Are You Hyperconnected?

ScreenshotIf a recent research report by IDC (sponsored by Nortel) gets some traction, a new word will likely enter the web-worker lexicon: hyperconnected. After surveying 2400 members of the “global information workforce” in 17 countries, the IDC folks performed a cluster analysis of communications and connectivity habits. Those at the cutting edge – the hyperconnected – use all sorts of new technology and applications for both business and personal reasons. They juggle an average of 7 devices and 9 applications to connect to the network and represent 16% of the workforce.

As a Web Worker Daily reader, our guess is that you’re either already hyperconnected or in the next (and largest) group that IDC found, the 36% “highly connected” who are using fewer devices and application but are on their way to hyperconnectivity. Their prediction is that we’ll see up to 40% of the total information workforce hyperconnected within the next few years.Here are some of the other characteristics of the hyperconnected portion of the workforce, according to IDC:

  • They cluster in the banking and high tech industries.
  • 60% are under 35 years old, and only 7% over 55.
  • 63% have WiFi at home.
  • They listen to more MP3s and play more networked games than others.
  • They’d take their laptop before their wallet if they had to leave the house for 24 hours.

Sound like anyone you know? One of the most interesting findings is that hyperconnected folks don’t think of themselves as early adopters – they see hyperconnectivity as normal. This may be tied to another aspect of this way of working: they tend to work for companies that are good at bringing in new and advanced technology for people to use.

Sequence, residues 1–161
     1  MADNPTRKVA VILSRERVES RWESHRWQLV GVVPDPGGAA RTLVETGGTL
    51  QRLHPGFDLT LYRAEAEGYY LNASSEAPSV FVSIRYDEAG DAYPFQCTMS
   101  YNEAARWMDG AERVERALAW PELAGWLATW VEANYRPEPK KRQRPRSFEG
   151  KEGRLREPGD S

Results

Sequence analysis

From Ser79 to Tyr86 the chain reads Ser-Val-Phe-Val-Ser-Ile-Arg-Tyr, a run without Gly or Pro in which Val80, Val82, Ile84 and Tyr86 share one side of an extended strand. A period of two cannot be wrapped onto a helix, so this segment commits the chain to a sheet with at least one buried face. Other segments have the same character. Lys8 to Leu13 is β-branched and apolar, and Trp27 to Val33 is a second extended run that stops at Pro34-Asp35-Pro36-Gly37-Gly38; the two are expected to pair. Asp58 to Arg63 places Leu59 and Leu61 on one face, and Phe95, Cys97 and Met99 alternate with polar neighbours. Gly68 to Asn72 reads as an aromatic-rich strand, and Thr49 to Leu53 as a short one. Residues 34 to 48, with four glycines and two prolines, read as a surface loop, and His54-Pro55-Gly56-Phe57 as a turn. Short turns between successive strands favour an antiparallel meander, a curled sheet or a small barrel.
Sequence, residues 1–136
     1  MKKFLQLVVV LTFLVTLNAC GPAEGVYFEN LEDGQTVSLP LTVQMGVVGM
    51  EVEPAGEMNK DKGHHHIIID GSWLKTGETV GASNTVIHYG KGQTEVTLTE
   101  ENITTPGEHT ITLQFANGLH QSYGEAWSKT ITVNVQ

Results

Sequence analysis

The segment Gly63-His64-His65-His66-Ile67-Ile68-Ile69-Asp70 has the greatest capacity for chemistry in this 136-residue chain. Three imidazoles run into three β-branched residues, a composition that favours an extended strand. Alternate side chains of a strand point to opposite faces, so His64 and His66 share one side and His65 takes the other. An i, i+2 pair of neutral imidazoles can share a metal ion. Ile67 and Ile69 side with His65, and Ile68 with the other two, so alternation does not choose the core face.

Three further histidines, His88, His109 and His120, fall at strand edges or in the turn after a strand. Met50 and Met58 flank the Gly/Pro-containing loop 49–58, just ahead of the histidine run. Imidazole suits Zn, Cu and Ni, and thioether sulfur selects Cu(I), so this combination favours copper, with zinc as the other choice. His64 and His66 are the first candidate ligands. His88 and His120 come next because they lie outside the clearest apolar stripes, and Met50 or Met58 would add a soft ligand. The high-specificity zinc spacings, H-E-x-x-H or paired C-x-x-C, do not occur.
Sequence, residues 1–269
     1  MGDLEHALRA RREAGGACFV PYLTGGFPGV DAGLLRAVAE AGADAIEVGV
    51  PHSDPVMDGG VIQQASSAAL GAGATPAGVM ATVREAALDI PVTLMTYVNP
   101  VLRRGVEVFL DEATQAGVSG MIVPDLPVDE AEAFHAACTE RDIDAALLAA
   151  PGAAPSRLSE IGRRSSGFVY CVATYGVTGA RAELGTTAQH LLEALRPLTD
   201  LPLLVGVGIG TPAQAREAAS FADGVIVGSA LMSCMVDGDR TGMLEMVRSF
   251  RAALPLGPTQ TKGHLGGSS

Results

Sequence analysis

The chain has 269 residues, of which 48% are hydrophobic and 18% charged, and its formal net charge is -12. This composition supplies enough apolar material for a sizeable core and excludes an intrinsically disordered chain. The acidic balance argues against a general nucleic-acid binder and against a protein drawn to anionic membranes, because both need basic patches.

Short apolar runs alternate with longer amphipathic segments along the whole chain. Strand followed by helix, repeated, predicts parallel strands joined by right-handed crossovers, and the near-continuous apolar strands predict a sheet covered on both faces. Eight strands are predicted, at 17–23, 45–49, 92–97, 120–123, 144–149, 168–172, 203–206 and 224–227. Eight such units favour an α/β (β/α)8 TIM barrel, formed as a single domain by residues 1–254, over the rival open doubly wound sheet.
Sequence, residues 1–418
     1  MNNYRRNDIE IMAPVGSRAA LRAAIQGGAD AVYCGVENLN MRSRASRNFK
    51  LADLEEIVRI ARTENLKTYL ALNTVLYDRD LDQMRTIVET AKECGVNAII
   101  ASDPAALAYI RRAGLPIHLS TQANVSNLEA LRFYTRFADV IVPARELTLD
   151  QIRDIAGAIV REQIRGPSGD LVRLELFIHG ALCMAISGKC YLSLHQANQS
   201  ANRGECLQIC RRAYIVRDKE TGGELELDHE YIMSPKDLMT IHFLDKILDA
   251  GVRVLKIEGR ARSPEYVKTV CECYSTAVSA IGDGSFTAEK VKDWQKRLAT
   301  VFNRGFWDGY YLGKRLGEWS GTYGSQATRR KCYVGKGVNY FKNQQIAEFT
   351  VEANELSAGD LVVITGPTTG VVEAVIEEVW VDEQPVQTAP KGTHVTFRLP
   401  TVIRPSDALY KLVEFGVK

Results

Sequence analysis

One aspect of hyperconnectivity spells trouble for traditional employers: if you’re in this category, you probably don’t see any separation between work and life. Hyperconnected employees are likely to check their work email almost anywhere and any time – but they’re also likely to use work computers and networks for personal use. It stands to reason that if you’re immersed in email and Facebook and Twitter and wikis and so on, you won’t want to back out of the flood for such arbitrary divisions of your time as “work” and “leisure.”

Overall, the report paints a glowing picture of hyperconnectivity as a fulfilling and normal way to live, while pointing out the danger to employers that don’t keep up as more of their workforce enters this state. It seems likely that more and more employees are going to take such things as company policies on computer use and the availability of connectivity into account when deciding which job offers to accept. If you believe that this is a valuable part of the labor pool, then you have to stay attractive to them to stay competitive.

(top photo credit: Flickr user MikeBlogs)

Are you hyperconnected? Do you want to be?